The party of those who just don’t get it
They call themselves the Tea Party. This extremist anti-tax faction of the Republican Party claims to be inspired by the famous Boston Tea Party, in which a group of activists disguised as Native Americans, dumped a shipload of tea into Boston Harbor — an act which the current Tea Party claims was done in protest against the tax on tea. This is not exactly correct; let’s go over the facts one more time.
In 1767, the British Parliament passed what was known as the Townsend Act imposing a duty on certain goods imported from England — glass, paper, painters’ colors and tea. In response to vigorous protests from the American Colonists, in 1770 all these taxes were removed except the tax on tea, which was reduced from 3 pence to 2 pence per pound, and was subsequently further reduced, and ultimately eliminated. Then in 1772, the East India Tea Co., which supplied tea to the Colonies, appealed to the British Parliament for relief from competition from the Dutch, who were underselling them. Parliament responded by passing the Tea Act, excluding the Dutch and giving the East India Tea Co. a virtual monopoly over the tea trade with the Colonies. This action was what sparked the Boston Tea Party in 1773, in which the participants showed their displeasure with the arrangement by dumping the shipload of tea, which was the property of the East India Tea Co. (not Britain) overboard. Actions against the East India Tea Co. also occurred in several other colonial ports.
The current Tea Party actually bears a much closer resemblance to the Mad Hatter’s Tea Party in “Alice in Wonderland,” which Alice drops in on. She and the Mad Hatter, the March Hare and the Dormouse (which is mostly asleep) engage in a strange conversation. She is unable to make any sense out of what anyone is saying, and declares it to be “the stupidest tea party I was ever at in all my life.”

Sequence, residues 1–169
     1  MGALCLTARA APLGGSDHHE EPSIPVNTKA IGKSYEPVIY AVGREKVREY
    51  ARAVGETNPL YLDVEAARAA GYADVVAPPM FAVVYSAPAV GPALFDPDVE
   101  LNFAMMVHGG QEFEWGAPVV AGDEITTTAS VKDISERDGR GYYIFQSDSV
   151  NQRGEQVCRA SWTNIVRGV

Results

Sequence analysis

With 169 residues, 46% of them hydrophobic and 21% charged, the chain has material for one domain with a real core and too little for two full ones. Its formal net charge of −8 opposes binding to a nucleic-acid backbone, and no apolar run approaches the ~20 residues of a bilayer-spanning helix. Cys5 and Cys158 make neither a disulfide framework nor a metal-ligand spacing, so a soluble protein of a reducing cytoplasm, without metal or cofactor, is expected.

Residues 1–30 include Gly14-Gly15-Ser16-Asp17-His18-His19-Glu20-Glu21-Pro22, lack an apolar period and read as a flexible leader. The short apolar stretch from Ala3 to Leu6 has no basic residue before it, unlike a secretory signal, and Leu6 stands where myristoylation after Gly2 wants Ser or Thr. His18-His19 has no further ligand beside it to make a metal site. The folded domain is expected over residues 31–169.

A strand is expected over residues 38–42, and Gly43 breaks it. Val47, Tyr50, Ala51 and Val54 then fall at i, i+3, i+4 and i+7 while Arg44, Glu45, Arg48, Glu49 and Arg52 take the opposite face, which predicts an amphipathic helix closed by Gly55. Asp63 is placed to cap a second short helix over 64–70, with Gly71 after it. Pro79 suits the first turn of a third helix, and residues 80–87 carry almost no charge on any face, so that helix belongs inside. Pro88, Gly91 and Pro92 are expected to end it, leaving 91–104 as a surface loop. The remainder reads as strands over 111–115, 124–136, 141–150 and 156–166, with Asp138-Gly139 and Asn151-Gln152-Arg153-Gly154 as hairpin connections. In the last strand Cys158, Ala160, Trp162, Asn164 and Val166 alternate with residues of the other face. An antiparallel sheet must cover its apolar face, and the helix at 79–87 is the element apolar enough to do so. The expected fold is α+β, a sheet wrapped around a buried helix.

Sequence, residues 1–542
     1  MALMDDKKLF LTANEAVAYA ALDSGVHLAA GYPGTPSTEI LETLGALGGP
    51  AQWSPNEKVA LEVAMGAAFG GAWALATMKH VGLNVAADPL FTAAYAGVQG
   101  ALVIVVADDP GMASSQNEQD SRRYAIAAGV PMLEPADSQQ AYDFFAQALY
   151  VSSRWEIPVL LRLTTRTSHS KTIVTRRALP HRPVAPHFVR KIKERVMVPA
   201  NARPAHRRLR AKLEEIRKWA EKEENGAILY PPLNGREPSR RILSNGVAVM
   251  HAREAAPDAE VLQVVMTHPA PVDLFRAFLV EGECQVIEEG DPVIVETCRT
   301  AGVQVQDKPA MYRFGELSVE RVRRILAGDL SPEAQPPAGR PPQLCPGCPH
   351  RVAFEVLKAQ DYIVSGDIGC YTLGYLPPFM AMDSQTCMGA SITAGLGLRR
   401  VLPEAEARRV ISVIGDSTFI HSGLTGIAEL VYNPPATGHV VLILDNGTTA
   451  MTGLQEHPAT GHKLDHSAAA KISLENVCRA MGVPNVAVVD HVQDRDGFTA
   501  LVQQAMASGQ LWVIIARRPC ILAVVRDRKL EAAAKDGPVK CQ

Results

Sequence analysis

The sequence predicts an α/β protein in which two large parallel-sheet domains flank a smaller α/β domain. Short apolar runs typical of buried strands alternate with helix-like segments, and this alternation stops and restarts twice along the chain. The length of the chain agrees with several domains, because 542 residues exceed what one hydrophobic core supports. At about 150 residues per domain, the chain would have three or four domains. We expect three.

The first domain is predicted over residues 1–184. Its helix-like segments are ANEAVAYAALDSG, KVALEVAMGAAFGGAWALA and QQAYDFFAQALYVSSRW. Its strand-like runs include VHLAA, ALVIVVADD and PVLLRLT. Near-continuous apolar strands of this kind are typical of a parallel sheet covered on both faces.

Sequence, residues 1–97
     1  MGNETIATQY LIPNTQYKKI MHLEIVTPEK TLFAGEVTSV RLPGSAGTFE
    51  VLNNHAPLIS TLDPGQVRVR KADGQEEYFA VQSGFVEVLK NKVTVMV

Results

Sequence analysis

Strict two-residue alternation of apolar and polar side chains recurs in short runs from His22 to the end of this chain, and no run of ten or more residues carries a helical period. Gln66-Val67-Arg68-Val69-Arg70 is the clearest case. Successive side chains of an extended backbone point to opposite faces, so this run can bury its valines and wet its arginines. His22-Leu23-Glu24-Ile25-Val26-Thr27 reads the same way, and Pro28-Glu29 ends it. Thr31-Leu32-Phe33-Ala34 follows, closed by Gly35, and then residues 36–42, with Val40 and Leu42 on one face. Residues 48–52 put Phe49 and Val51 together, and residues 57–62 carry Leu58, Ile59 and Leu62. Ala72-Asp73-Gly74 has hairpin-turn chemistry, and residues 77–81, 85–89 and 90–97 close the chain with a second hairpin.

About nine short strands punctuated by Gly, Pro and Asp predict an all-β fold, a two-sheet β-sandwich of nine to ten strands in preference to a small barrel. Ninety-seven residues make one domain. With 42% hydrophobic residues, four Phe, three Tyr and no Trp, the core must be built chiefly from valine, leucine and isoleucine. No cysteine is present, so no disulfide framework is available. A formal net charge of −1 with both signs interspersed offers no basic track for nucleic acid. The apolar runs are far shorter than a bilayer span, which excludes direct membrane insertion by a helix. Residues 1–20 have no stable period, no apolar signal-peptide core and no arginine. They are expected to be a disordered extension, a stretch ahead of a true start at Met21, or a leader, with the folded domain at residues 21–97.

The current Tea Party, over which Sen. Ted Cruz (D-Texas) has now assumed leadership, just doesn’t get a whole lot of things, including the fundamental precepts of democracy — debate and compromise, and majority rule. For a democratic government to function, differences must be resolved by respectful debate and the give and take of compromise by both sides, on the issues that divide them.
Furthermore, the minority must accept majority decisions until such time as the voters make it the majority. Abraham Lincoln affirmed this truth, stating that the willingness of minorities to accept majority rule is the true test of democratic government, and that if a minority refuses to abide by majority rule and resorts to threats, the result will be anarchy.
We have no further to look for confirmation of these truths than the Islamic world. Democracy can never succeed in Islamic countries until they accept those precepts, and no longer respond to political differences with such extreme measure as car bombs, suicide bombers, and assassinations.
Our Constitution was created on the principles of debate and compromise, and acceptance of majority rule, and the delegates who crafted it would be sorely disappointed if they could see how our political process has degenerated from what they envisioned.
The intransigence of the Tea Party has led to its threat to shut down the government if it doesn’t get its way, putting ideological zeal ahead of common sense and the well-being of the American people, and simultaneously doing incalculable damage to its own Republican Party. The cost of this bit of peevishness to our country and its people and economy is estimated to have been as high as $24 billion.
In funding of the farm bill, the Tea Party is clamoring to separate food stamps and cut funding because of the rising cost as the number of people receiving them has grown to nearly 50 million. They ignore the facts that most of those on food stamps are the working poor who are not being paid enough to feed their families, that more than half of the beneficiaries of food stamps are children, and that present food-stamp rations are not enough to provide adequate nutrition. Yet in the same discussion, the Tea Party is just as fixed on continuing to dole out huge subsidies to corporate agribusinesses and wealthy (often absentee) owners of large-scale farming operations.
There are just a few of the issues on which the Tea Party members just don’t get it.
“As I See It” appears on the first and third Thursdays of the month. Hal Sundin lives in Glenwood Springs and is a retired environmental and structural engineer. Contact him at firstname.lastname@example.org.
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